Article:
The DNC Is Rejecting Iowa’s Virtual Caucus Plans, Thereby Screwing Up the First 2020 Caucus

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At least two sources told the Des Moines Register that the Democratic National Committee is poised to reject Iowa’s plan for virtual caucuses, which means the nation’s first 2020 presidential caucus could get incredibly screwed up. The decision came after a meeting of the DNC’s Rules and Bylaws Committee in California last week.


The “virtual caucus” proposal was introduced in February. It would allow registered Dems to still take part in the caucus, just over the phone. Traditionally, the Iowa caucus — the first in the nation’s long-ass presidential election — is a loud, in-person affair.

After the 2016 election, the DNC required states that use the caucus system (as opposed to a primary voting system) must have an absentee voting option, thus the “virtual caucus” was born. Now, the state party needs a new plan for these new rules and it must be presented by Sept. 13.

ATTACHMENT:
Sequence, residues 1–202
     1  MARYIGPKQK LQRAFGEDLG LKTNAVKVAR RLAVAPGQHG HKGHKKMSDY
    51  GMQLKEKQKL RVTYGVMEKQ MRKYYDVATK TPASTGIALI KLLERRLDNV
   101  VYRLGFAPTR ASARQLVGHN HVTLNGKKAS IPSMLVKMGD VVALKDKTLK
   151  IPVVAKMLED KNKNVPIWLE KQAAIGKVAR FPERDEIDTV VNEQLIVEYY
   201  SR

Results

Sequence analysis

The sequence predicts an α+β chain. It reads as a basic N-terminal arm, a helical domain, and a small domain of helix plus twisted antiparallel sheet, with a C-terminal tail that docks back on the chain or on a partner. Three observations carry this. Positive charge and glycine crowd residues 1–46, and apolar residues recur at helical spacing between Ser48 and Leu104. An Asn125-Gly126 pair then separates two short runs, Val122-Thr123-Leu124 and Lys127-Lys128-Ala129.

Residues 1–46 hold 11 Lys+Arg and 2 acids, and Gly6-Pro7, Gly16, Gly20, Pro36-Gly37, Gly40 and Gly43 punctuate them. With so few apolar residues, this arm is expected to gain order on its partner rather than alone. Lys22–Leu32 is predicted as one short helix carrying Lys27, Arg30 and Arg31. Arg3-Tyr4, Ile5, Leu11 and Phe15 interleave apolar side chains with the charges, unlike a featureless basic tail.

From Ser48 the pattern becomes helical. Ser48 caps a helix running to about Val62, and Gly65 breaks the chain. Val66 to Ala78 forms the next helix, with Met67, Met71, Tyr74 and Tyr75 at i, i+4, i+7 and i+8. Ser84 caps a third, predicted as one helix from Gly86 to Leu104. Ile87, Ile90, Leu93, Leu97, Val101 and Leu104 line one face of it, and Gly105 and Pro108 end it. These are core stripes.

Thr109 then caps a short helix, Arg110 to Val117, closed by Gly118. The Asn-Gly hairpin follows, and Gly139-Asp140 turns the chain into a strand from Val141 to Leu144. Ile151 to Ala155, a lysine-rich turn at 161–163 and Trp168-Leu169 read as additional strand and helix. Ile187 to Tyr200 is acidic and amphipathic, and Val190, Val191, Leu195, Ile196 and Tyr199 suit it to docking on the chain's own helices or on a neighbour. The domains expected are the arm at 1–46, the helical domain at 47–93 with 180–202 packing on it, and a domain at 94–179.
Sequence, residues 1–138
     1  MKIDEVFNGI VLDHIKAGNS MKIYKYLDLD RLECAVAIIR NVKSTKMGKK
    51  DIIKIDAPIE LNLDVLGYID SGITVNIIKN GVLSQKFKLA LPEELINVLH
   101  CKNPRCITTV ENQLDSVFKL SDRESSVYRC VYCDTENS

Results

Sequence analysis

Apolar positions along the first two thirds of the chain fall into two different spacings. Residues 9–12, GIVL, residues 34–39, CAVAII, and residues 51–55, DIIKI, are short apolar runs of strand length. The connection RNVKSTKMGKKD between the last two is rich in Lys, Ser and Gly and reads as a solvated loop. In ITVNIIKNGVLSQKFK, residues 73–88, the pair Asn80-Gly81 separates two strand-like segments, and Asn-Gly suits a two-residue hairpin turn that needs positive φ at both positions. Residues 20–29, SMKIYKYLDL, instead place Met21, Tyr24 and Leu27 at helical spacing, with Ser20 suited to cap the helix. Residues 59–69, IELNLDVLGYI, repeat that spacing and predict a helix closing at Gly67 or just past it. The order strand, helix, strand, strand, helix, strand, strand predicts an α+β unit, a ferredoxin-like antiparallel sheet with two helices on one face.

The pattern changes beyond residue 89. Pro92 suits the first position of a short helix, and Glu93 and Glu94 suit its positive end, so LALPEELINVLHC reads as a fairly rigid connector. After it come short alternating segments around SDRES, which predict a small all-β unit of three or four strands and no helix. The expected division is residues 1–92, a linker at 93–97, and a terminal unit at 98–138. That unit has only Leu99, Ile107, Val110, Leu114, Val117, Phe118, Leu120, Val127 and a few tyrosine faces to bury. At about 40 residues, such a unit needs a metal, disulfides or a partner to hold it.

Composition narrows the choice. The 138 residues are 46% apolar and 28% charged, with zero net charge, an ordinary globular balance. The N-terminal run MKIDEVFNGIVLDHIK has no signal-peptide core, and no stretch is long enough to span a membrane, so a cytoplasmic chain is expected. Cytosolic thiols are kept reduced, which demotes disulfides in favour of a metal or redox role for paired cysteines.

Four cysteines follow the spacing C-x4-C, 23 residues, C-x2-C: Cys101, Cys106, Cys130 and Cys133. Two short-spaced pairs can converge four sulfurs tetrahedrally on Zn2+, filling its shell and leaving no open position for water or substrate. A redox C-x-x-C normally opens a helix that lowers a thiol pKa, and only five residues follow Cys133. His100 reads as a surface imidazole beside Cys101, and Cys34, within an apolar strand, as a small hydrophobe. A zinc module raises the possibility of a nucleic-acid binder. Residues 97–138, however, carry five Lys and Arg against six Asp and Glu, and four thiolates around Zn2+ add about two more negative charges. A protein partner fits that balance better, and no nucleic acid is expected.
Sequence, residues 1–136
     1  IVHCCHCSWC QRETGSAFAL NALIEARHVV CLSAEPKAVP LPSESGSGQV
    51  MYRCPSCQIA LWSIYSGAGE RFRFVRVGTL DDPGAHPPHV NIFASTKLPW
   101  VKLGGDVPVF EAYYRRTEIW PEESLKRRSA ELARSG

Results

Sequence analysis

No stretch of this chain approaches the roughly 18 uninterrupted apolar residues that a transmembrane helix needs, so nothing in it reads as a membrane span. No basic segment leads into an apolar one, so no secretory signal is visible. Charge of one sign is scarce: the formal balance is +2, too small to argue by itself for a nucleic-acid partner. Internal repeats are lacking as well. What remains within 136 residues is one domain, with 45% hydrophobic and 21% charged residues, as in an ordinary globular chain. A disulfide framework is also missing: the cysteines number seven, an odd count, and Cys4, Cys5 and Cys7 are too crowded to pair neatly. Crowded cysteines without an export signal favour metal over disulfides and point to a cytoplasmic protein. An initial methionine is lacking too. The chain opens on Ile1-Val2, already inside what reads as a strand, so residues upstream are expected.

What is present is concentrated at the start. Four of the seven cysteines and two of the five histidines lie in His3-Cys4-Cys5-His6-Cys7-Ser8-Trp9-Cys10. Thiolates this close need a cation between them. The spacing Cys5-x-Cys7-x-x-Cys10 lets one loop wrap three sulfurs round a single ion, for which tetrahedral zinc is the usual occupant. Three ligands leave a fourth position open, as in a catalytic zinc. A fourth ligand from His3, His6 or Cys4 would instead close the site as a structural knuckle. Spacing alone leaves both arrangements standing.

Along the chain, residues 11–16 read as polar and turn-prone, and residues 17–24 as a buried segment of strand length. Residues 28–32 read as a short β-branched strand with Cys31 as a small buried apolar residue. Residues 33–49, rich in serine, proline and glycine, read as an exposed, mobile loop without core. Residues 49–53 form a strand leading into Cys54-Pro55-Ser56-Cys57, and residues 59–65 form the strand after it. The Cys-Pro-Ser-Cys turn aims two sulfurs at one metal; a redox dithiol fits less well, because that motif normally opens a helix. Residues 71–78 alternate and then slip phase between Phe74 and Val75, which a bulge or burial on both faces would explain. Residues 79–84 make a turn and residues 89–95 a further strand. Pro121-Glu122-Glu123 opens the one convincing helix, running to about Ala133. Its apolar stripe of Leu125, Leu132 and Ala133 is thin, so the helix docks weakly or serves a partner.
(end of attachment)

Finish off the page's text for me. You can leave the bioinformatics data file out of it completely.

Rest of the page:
But it’s not only the actual caucus that will be thrown off. People are already being trained to integrate the virtual caucus into the day and campaigns.

Per the Des Moines Register:

The state party has begun offering training sessions for the campaigns and for volunteers, investing time and energy into the process. The campaigns have begun strategizing and organizing around the virtual caucuses, asking potential supporters whether they would commit to caucus in person on Feb. 3, 2020, or virtually on an earlier date.

The Iowa caucus is Feb. 3, 2020, which is very close, but feels incredibly far.